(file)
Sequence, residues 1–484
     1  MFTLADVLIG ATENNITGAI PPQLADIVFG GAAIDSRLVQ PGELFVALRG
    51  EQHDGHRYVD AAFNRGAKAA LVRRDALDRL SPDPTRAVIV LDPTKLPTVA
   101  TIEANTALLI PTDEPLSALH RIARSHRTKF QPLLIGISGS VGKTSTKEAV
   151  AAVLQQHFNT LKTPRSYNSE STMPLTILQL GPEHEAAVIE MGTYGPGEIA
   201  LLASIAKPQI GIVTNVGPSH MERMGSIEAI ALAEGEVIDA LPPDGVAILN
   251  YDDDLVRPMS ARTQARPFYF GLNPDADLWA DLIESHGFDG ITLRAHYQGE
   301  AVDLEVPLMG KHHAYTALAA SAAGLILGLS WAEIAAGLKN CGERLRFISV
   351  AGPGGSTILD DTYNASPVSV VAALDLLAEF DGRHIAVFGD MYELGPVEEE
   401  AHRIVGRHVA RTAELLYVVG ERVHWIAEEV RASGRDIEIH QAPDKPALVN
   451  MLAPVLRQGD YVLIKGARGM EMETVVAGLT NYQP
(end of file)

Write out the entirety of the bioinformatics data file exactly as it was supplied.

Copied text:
Sequence, residues 1–484
     1  MFTLADVLIG ATENNITGAI PPQLADIVFG GAAIDSRLVQ PGELFVALRG
    51  EQHDGHRYVD AAFNRGAKAA LVRRDALDRL SPDPTRAVIV LDPTKLPTVA
   101  TIEANTALLI PTDEPLSALH RIARSHRTKF QPLLIGISGS VGKTSTKEAV
   151  AAVLQQHFNT LKTPRSYNSE STMPLTILQL GPEHEAAVIE MGTYGPGEIA
   201  LLASIAKPQI GIVTNVGPSH MERMGSIEAI ALAEGEVIDA LPPDGVAILN
   251  YDDDLVRPMS ARTQARPFYF GLNPDADLWA DLIESHGFDG ITLRAHYQGE
   301  AVDLEVPLMG KHHAYTALAA SAAGLILGLS WAEIAAGLKN CGERLRFISV
   351  AGPGGSTILD DTYNASPVSV VAALDLLAEF DGRHIAVFGD MYELGPVEEE
   401  AHRIVGRHVA RTAELLYVVG ERVHWIAEEV RASGRDIEIH QAPDKPALVN
   451  MLAPVLRQGD YVLIKGARGM EMETVVAGLT NYQP